Last weekend Rose Ginsberg (director), Ian Rosenbaum (acting marimba), Victoria Nece (visual effects, including the image for this post that you see on the homepage) and I made this video. Rose and I had been meaning to rehearse and film this piece for a while, and we finally made it happen as part of issue 2 of twenty-four magazine. By the way, the second issue is staggeringly beautiful and you should go buy many, many copies of it.

Rose and I went to Ian’s house to work on this piece, which I first wrote as part of 24hc back at Peabody, which is a series of concerts I used to run, featuring music written, rehearsed, and performed in a twenty four hour period. All this time-restricted art seemed good together.

The piece is a setting of Prospero’s “This Rough Magic” monologue from the Tempest, when he decides to abandon his magic and his power, and to return to his mundane life. The marimba music shows us what Prospero is thinking and feeling, and the marimba itself becomes a metaphor for the magic Prospero is giving up. Rose, Ian, and Victoria all did a beautiful job in a very, very short time.

If you want to read more about our process, you should totally buy a copy of issue two, and read the 1700 words I wrote about the rehearsal process. I promise it’s interesting, especially if you like rhythmic theory and the relationship between words and music.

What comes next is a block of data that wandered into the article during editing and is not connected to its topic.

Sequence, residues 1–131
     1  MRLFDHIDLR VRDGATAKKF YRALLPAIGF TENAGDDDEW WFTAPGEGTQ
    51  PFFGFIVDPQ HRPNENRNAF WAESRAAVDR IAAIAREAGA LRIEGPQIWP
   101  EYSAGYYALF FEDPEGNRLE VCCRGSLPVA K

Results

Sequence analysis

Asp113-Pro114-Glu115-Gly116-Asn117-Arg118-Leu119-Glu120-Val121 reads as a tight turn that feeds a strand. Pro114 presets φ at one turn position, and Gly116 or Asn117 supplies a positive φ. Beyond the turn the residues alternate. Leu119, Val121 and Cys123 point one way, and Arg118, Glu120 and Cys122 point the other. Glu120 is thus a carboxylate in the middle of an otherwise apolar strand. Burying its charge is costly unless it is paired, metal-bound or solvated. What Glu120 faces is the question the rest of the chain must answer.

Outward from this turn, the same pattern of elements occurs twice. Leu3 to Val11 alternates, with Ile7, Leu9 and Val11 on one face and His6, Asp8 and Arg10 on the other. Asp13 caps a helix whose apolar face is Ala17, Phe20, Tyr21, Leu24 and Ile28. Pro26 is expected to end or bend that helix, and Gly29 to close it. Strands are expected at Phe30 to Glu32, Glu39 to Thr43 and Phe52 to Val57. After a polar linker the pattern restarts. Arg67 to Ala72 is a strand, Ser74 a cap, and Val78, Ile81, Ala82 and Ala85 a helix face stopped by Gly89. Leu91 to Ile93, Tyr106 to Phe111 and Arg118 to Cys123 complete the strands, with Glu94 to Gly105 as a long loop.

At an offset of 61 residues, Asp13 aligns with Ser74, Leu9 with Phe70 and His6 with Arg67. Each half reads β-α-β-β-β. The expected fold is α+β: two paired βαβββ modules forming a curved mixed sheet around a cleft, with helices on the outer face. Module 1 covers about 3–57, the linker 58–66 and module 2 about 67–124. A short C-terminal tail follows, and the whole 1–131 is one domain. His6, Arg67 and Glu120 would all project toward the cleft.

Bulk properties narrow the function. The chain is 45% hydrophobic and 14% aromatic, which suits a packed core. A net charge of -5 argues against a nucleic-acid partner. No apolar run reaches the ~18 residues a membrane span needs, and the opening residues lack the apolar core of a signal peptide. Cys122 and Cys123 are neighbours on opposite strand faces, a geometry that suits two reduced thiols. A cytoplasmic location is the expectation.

Here’s the full text of Prospero’s speech, in case you want to have it handy:


Ye elves of hills, brooks, standing lakes and groves,
And ye that on the sands with printless foot
Do chase the ebbing Neptune and do fly him
When he comes back; you demi-puppets that
By moonshine do the green sour ringlets make,
Whereof the ewe not bites, and you whose pastime
Is to make midnight mushrumps, that rejoice
To hear the solemn curfew; by whose aid,
Weak masters though ye be, I have bedimm’d
The noontide sun, call’d forth the mutinous winds,
And ‘twixt the green sea and the azured vault
Set roaring war: to the dread rattling thunder
Have I given fire and rifted Jove’s stout oak
With his own bolt; the strong-based promontory
Have I made shake and by the spurs pluck’d up
The pine and cedar: graves at my command
Have waked their sleepers, oped, and let ’em forth
By my so potent art. But this rough magic
I here abjure, and, when I have required
Some heavenly music, which even now I do,
To work mine end upon their senses that
This airy charm is for, I’ll break my staff,
Bury it certain fathoms in the earth,
And deeper than did ever plummet sound
I’ll drown my book.

Solemn music

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